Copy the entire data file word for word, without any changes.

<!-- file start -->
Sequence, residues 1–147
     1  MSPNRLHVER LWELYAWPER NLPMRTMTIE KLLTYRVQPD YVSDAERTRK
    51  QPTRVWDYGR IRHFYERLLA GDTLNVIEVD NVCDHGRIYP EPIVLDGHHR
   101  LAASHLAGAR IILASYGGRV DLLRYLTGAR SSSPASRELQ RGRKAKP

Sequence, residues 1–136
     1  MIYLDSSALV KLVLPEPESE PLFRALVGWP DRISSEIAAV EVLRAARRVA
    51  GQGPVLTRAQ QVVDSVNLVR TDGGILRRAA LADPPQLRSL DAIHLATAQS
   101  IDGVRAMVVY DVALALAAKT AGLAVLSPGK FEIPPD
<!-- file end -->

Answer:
Sequence, residues 1–147
     1  MSPNRLHVER LWELYAWPER NLPMRTMTIE KLLTYRVQPD YVSDAERTRK
    51  QPTRVWDYGR IRHFYERLLA GDTLNVIEVD NVCDHGRIYP EPIVLDGHHR
   101  LAASHLAGAR IILASYGGRV DLLRYLTGAR SSSPASRELQ RGRKAKP

Sequence, residues 1–136
     1  MIYLDSSALV KLVLPEPESE PLFRALVGWP DRISSEIAAV EVLRAARRVA
    51  GQGPVLTRAQ QVVDSVNLVR TDGGILRRAA LADPPQLRSL DAIHLATAQS
   101  IDGVRAMVVY DVALALAAKT AGLAVLSPGK FEIPPD